The Compromise of 1850: Effective Political Action or Forecast of Disaster?

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Thanks to everyone that has participated in the Compromise of 1850 Poll going on here. If you haven’t voted, please do!

To expand the discussion, let me share my perspective on the question I raised, whether The Compromise of 1850 was an effective political action or a forecast of disaster.

compromise1850

The United States Senate, A.D. 1850. Drawn by P. F. Rothermel; engraved by R. Whitechurch. c1855. Prints and Photographs Division. Reproduction Number: LC-USZCN4-149

Michael F. Holt makes an excellent case in his classic, The Political Crisis of the 1850’s , that the Compromise of 1850 was more a forecast of disaster than effective political action. His argument is founded on the premise that the Compromise was effectively a deathblow to the Second American Party System and the notion that the health of America’s political parties in the mid-19th century was crucial to containment of sectional strife. As long as “men had placed their loyalty to their own party and defeat of the opposing party within their own section ahead of sectional loyalty, neither the North nor the South could be united into a phalanx against the other.” (1)

This conclusion is, of course, more easily arrived at when looking back at the period through the lens of generations with the full knowledge that the country would be ripped apart within fifteen years in a tumultuous Civil War. The perspectives of the politicians who negotiated the Compromise of 1850 would have, at the time, been much different. Indeed, they might have seen it as artful politics. The agreements made in the Compromise appeared to solve, at least temporarily, the country’s major ills which -  on the surface – revolved around slavery and the country’s expansion.

But the effect was the displacement of the country’s trust in “party” as voice and defender of political views. The void caused men to affiliate more with their section, North and South. The scene was set for the country’s festering issues to rise again to a boil, this time without the benefit of cross-sectional parties that had so successfully contained discord in the past.

Thus my conclusion is that the Compromise of 1850 was BOTH an effective political action AND a forecast of disaster. It was effective for a time in that it allowed the country to continue forward with at least a fragile agreement on monumental issues. But its destruction of the Second American Party System led the country toward potential destruction.

And so…. what do you think? Comments welcome.

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See images of the original document – The Compromise of 1850 here.

(1) Michael F. Holt, The Political Crisis of the 1850’s, (New York:  W. W. Norton and Company, 1983), 139.

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2008 National Book Award Winner: The Hemingses of Monticello: An American Family

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Congratulations to Annette Gordon-Reed for winning the 2008 National Book Award for non-fiction.

Annette Gordon-Reed Annette Gordon-Reed's The Hemingses of Monticello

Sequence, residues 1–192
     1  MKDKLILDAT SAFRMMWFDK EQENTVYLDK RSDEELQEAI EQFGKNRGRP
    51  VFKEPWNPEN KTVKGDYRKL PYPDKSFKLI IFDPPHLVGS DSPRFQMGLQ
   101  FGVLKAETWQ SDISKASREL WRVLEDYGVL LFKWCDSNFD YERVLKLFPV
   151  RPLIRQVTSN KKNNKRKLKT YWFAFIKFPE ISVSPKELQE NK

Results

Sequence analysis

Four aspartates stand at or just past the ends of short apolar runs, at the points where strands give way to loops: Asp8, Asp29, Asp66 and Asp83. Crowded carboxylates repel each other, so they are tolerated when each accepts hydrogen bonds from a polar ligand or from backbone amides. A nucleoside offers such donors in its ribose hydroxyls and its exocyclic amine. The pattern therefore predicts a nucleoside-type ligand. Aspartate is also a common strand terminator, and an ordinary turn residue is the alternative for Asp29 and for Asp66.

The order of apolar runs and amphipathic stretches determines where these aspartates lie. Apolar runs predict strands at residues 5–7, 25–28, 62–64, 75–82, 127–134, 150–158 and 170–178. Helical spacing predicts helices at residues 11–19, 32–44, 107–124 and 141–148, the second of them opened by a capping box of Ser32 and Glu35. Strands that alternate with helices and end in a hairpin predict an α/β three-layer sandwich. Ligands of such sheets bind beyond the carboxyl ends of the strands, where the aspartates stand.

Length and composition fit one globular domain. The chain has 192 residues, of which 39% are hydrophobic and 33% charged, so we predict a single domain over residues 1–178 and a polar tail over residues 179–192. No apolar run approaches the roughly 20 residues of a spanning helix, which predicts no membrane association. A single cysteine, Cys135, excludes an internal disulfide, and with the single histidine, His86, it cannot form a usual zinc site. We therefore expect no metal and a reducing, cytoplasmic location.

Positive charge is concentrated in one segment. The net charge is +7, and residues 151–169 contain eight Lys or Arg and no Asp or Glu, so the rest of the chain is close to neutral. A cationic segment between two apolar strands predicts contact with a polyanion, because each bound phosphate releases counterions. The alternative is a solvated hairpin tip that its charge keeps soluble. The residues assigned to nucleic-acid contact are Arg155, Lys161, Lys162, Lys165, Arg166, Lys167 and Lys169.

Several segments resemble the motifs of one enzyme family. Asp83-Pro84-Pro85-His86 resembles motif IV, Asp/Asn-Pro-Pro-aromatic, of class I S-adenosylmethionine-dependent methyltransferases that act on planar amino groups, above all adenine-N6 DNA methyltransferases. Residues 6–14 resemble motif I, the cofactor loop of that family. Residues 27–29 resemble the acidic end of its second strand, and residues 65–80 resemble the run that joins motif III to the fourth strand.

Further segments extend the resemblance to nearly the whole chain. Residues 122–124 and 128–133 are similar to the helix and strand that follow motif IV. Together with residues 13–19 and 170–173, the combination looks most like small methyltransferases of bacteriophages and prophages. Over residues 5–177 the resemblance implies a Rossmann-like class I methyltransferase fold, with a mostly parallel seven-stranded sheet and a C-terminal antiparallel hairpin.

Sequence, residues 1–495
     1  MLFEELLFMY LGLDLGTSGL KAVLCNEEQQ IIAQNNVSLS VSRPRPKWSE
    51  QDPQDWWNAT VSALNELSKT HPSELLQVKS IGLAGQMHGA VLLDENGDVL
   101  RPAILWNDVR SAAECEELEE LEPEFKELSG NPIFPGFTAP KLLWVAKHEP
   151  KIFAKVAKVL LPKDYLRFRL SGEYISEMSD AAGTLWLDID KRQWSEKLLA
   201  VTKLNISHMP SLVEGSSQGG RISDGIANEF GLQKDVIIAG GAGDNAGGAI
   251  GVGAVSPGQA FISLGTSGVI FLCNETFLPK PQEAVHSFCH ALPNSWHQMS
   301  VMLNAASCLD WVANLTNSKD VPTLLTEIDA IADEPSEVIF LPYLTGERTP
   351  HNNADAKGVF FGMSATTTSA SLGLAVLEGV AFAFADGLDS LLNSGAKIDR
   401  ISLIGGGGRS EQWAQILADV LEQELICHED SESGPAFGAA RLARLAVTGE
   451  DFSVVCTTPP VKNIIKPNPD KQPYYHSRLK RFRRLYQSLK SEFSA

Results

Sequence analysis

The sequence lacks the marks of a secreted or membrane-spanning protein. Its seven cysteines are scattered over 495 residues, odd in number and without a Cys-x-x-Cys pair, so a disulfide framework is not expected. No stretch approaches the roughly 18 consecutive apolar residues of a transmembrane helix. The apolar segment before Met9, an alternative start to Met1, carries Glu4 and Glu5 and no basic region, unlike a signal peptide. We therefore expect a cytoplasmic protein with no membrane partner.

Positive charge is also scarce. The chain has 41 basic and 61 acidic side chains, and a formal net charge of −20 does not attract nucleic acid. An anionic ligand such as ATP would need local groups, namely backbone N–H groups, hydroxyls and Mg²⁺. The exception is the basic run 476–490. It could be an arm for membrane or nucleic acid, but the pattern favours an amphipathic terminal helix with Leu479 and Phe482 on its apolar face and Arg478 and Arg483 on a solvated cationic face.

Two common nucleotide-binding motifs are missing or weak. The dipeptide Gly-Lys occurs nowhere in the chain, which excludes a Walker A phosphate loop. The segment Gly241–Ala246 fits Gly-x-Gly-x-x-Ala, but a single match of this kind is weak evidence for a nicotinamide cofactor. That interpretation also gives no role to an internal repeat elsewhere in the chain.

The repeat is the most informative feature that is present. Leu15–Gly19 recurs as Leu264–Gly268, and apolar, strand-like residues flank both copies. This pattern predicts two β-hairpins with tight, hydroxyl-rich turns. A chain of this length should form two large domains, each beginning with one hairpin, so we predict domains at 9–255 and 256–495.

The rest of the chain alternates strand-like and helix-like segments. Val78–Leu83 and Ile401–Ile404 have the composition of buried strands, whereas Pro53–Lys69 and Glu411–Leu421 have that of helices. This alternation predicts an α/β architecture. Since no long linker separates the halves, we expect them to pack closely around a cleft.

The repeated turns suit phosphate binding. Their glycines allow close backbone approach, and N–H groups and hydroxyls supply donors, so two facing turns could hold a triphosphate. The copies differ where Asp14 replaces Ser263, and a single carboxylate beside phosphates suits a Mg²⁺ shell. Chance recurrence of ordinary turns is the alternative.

The Hemingses of Monticello: An American Family
W.W. Norton & Company

CITATION

“In the mesmerizing narrative of Annette Gordon-Reed’s American family saga, one feels the steady accretion of convincing argument: Her book is at once a painstaking history of slavery, an unflinching gaze at the ways it has defined us, and a humane exploration of lives—grand and humble—that “our peculiar institution” conjoined. This is more than the story of Thomas Jefferson and his house slave Sally Hemings; it is a deeply moral and keenly intelligent probe of the harsh yet all-too-human world they inhabited and the bloodline they share.”

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Next Class: Antebellum America: Prelude to Civil War

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After a short break, I’ll be diving into my next class which starts November 3rd. As is my custom, I’ve added this to “The Courses” page.

“Antebellum America: Prelude to Civil War” (starts November 3rd)

This course is an analysis of the conditions existing in the United States in the first half of the 19th century. The course focuses on the political, cultural/social, economic, security, leadership, and other issues that played roles in starting and shaping the Civil War. We will analyze the issues in the context of war and peace to determine whether or not such conflicts as civil wars can be avoided prior to their inception.

Required Texts:

TBD once the syllabus is available. For now, the list is as follows which is very light in comparison with my last class:

Half Slave and Half Free : The Roots of Civil War by Bruce Levine

Publisher: Hill and Wang

Road to Disunion : Secessionists at Bay, 1776-1854, Volume 1 by William W. Freehling

Since I read 14 books in Studies in U.S. Military History (a challenge but I loved IT!), this may be a light reading term.
Because William Freehling’s book, Prelude to Civil War: The Nullification Controversy in South Carolina, 1816-1836, received such high acclaim, I’ve purchased it as well.
Finally, it would not surprise me at all if Daniel Walker Howe’s Pulitzer Prize winning book, What Hath God Wrought, was added to the reading list as well.
All of these texts can be found on the “Antebellum America” shelf of my virtual library here.
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